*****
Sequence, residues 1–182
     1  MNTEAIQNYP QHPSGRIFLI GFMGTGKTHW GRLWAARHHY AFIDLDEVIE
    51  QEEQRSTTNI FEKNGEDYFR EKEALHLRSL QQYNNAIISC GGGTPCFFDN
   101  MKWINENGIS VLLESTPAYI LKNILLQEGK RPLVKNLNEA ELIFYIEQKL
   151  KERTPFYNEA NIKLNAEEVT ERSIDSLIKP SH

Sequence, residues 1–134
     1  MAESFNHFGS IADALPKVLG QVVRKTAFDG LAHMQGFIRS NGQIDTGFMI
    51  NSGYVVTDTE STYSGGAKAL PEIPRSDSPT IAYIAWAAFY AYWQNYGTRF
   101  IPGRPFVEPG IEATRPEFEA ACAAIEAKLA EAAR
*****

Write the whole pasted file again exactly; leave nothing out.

Sequence, residues 1–182
     1  MNTEAIQNYP QHPSGRIFLI GFMGTGKTHW GRLWAARHHY AFIDLDEVIE
    51  QEEQRSTTNI FEKNGEDYFR EKEALHLRSL QQYNNAIISC GGGTPCFFDN
   101  MKWINENGIS VLLESTPAYI LKNILLQEGK RPLVKNLNEA ELIFYIEQKL
   151  KERTPFYNEA NIKLNAEEVT ERSIDSLIKP SH

Sequence, residues 1–134
     1  MAESFNHFGS IADALPKVLG QVVRKTAFDG LAHMQGFIRS NGQIDTGFMI
    51  NSGYVVTDTE STYSGGAKAL PEIPRSDSPT IAYIAWAAFY AYWQNYGTRF
   101  IPGRPFVEPG IEATRPEFEA ACAAIEAKLA EAAR